|I know this should have been Posh Spice. Couldn't face it.|
The last post brought up some reflections about the word 'posh'. This one isn't so much about what the word means, since we all probably have an idea of that, but more where it comes from. In England and the greater British Isles it definitely seems to have an echo of class consciousness in it. In America, I think it's more known than used, at least in a serious way. So what did it originally mean? I'm sure it's obvious, but somehow I can't quite put my finger on it.
Apparently, there is no evidence to support this theory. Another, supposedly better conjecture is that the word posh originally meant 'dandy' round about 1890, and this in turn came from thieves' slang for money. Then the claim is that this hails back to the Romany or Gypsy language, with 'pash' meaning half, and pashera, 'half penny'. Slang seems more likely in this case, as there always seems to be a faintly derogatory whiff to the word, do what you will.
It seems this word and its derivations is one of those things people do often ask about, at least so they think here. I was glad to find this very appropriate quote from Anatoly Liberman:
"Another post suggested that I temper my enthusiasm, because people are allegedly interested not in etymology, but in "words and slang; they ask about posh or the whole nine yards. They'd see no point in asking for etymologies of water, wind, wool, winter, well, [and] wine," unless those "could be illustrated with lantern slides of Life in Roman times." I've been taught never to assume anything and not to generalize in a hurry. This advice I'll pass on to anyone who will take it. Queries reflect the sophistication of the questioners. The more people know, the less trivial their questions become. If they realized how interesting the etymology of water, wind, wool, and the rest is, they would have asked about it."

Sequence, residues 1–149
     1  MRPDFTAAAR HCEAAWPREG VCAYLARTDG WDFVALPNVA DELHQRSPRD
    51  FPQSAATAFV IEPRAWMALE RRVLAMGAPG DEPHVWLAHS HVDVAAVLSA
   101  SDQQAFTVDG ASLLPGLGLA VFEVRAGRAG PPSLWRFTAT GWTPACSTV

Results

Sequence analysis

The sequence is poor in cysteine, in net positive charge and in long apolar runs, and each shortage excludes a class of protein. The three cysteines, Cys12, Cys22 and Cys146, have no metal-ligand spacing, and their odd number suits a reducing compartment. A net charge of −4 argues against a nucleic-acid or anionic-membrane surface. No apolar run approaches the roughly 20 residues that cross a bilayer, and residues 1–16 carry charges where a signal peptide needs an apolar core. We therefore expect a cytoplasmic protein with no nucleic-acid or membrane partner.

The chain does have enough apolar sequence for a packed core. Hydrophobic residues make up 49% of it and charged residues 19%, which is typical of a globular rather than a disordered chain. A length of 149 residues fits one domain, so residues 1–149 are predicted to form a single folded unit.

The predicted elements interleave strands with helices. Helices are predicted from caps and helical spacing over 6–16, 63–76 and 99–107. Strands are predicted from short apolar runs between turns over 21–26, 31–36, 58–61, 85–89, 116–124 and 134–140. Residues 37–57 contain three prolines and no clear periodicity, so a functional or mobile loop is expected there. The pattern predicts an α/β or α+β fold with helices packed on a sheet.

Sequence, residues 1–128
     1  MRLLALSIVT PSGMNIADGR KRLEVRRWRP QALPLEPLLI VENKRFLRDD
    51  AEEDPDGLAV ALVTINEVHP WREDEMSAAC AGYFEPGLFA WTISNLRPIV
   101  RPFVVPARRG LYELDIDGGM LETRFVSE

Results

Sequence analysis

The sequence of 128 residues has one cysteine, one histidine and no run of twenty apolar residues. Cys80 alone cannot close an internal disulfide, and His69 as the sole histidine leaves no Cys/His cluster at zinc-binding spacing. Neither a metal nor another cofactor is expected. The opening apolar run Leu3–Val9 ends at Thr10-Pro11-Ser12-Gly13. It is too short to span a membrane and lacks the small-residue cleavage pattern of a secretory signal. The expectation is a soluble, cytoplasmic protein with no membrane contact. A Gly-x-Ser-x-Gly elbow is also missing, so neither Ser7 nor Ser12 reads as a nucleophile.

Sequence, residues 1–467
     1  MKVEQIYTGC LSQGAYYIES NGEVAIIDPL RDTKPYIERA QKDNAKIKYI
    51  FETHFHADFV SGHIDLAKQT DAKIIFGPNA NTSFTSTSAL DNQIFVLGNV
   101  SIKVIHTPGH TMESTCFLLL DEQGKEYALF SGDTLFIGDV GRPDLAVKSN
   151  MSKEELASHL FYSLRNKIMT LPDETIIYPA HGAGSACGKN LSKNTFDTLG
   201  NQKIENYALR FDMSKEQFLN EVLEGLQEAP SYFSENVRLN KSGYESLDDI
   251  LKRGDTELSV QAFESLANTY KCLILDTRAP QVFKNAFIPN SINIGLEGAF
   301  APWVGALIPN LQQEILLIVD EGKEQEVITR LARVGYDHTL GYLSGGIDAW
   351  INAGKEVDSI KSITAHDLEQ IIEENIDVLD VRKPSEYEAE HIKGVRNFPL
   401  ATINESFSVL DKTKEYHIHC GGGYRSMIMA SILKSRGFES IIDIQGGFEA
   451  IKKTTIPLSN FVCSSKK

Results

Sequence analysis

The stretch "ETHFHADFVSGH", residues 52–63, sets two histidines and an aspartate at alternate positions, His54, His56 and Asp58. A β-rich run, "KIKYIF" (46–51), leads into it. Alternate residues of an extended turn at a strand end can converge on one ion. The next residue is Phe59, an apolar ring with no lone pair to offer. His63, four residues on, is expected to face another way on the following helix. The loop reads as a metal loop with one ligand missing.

No post about the word posh would be complete without a nod to the fabulous 'Posh Nosh'. If you've never heard of it, here is the first episode. It's not long.